This deciduous  fig tree poking up among the island vegetation is the first record of  a wild fig  in Section Malvanthera  that has naturally crossed from east to west across Wallace’s line.  Section Malvanthera figs are confined to the Pacific Islands and Australia. Ficus glandifera is growing wild and reproducing on the Derawan Islands group off the coast of East Kalimantan. So far it has been found on Pulau Sangkalaki  (illustrated above and  below) and Pulau Maratua.  According to Berg & Corner (2005) the  distribution of Ficus glandifera extends from  the Solomon Islands in the Pacific to SE Sulawesi from where it probably reached Borneo with the aid of Island Flying Foxes.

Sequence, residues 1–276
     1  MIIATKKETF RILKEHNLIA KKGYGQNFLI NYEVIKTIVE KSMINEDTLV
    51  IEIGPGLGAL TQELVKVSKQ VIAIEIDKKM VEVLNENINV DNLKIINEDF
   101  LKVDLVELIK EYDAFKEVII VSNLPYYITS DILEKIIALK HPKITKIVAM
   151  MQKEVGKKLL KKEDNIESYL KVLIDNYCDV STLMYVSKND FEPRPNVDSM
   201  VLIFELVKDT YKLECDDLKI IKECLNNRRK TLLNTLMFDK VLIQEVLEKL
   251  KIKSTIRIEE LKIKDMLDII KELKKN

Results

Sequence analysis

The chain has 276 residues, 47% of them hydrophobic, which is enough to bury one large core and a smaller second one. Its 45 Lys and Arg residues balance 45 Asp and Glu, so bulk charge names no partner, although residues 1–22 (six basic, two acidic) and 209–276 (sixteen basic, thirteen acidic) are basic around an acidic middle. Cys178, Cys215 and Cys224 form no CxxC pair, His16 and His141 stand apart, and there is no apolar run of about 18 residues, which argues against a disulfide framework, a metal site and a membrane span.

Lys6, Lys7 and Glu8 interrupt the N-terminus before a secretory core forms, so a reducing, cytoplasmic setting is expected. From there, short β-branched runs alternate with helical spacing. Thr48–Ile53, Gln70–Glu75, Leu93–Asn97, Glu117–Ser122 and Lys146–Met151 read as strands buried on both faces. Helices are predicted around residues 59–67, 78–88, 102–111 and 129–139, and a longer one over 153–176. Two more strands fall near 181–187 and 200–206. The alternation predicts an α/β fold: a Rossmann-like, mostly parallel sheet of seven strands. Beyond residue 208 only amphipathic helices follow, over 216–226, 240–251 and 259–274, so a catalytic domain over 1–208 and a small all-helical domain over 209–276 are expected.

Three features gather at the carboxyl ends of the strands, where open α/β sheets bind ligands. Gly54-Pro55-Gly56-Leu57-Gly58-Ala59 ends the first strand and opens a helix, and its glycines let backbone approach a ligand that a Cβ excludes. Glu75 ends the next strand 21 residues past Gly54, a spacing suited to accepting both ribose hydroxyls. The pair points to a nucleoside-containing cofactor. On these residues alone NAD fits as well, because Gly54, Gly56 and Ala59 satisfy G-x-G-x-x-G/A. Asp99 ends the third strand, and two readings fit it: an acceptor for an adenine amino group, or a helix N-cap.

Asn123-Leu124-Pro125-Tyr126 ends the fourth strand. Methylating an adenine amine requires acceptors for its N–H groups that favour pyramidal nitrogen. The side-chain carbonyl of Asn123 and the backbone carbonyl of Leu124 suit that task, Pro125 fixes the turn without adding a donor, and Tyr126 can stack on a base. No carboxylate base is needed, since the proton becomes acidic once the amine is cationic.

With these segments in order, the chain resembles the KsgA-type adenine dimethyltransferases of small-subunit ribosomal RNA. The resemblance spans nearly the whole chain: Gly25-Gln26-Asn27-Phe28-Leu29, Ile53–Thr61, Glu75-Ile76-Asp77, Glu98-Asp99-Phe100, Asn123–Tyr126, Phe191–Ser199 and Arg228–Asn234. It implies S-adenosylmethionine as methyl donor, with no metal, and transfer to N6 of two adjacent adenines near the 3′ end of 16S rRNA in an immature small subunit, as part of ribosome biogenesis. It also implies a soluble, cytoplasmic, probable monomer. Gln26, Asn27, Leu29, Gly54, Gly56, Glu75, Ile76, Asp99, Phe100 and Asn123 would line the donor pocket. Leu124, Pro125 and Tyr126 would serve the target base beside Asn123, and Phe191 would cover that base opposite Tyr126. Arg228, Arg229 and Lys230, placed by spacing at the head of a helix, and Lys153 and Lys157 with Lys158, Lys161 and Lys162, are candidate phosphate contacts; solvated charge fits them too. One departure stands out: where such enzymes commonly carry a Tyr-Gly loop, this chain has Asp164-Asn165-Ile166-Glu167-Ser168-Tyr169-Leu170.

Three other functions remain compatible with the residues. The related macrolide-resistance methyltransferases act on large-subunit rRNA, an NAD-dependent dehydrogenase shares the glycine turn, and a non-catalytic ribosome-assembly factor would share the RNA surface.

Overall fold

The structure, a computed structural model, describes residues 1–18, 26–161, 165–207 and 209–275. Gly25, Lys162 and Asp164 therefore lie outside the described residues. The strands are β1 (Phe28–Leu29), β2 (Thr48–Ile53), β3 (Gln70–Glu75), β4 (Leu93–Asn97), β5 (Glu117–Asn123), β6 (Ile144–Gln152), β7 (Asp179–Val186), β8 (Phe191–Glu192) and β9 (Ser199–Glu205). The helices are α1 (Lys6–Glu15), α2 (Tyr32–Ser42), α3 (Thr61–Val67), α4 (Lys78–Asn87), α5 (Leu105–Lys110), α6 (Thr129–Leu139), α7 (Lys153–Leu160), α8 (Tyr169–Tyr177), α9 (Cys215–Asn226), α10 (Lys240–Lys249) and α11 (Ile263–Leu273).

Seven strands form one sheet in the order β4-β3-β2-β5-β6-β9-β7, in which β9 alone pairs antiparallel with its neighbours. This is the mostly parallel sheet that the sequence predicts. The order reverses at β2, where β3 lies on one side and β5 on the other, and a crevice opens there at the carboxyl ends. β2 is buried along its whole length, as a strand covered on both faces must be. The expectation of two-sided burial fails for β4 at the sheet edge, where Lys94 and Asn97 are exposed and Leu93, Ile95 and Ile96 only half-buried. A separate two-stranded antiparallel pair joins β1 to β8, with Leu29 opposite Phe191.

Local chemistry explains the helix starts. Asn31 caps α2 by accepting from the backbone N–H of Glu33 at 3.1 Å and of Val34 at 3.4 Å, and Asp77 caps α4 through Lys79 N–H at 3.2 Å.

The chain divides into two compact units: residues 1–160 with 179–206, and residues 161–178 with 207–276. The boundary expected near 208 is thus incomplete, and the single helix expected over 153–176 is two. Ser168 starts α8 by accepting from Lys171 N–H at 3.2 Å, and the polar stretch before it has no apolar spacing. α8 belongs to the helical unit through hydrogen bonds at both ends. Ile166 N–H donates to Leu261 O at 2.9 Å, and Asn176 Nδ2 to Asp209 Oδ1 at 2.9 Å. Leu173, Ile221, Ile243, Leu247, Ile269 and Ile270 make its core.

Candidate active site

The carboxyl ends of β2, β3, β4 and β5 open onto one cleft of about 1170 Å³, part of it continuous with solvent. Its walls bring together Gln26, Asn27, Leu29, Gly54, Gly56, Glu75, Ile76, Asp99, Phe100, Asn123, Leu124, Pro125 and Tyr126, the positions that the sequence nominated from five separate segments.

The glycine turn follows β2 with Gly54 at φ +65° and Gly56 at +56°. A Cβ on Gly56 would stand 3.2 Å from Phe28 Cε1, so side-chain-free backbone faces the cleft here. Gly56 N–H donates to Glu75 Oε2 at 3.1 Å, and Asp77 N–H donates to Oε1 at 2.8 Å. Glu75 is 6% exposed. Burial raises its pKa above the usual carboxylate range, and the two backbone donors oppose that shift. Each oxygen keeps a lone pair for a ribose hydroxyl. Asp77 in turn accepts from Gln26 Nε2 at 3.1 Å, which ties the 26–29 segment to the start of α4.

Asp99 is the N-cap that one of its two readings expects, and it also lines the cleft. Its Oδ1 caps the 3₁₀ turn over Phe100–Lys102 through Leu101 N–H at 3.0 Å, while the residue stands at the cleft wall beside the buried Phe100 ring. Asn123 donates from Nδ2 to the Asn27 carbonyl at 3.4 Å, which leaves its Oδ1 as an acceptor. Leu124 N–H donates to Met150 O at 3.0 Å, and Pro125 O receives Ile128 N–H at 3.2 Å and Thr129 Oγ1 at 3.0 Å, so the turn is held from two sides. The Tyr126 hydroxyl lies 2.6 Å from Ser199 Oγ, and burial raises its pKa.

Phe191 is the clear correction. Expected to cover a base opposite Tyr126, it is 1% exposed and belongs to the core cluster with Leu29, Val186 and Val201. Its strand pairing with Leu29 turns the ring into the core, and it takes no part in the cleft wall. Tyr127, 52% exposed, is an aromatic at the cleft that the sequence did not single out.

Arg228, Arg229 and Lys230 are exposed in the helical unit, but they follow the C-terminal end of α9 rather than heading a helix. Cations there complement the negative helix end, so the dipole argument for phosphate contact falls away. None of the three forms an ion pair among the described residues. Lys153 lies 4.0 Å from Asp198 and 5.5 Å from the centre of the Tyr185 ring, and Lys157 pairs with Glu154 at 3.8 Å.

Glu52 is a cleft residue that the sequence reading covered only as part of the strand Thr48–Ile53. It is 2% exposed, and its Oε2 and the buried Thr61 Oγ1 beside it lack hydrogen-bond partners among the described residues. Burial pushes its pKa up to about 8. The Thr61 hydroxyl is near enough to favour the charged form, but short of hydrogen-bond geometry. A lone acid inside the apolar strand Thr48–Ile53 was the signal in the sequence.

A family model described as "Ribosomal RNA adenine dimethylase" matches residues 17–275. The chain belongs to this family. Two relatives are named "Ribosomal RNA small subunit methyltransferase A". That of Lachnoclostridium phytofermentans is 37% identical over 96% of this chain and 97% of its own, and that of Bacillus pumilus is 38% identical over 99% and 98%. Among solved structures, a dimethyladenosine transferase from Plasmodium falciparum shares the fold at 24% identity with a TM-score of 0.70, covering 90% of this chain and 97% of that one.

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Island flying Foxes  Pteropus hymomelanus  are common on the Derawan Islands and are important dispersers of fig seeds between islands.

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Erwin, a dive master working for the Maratua Paradise Resort sitting next to the base of  the Ficus glandifera tree on Pulau Sangkalaki.

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Pulau Sangkalaki is popular with dive tourists because of the large manta rays that come to feed on the surrounding coral reefs.
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The small island of Pulau Sangkalaki is not shown on the map above. It is approximately 10 km west of Pulau Kakaban (2.5 hours by boat from Pulau Maratua).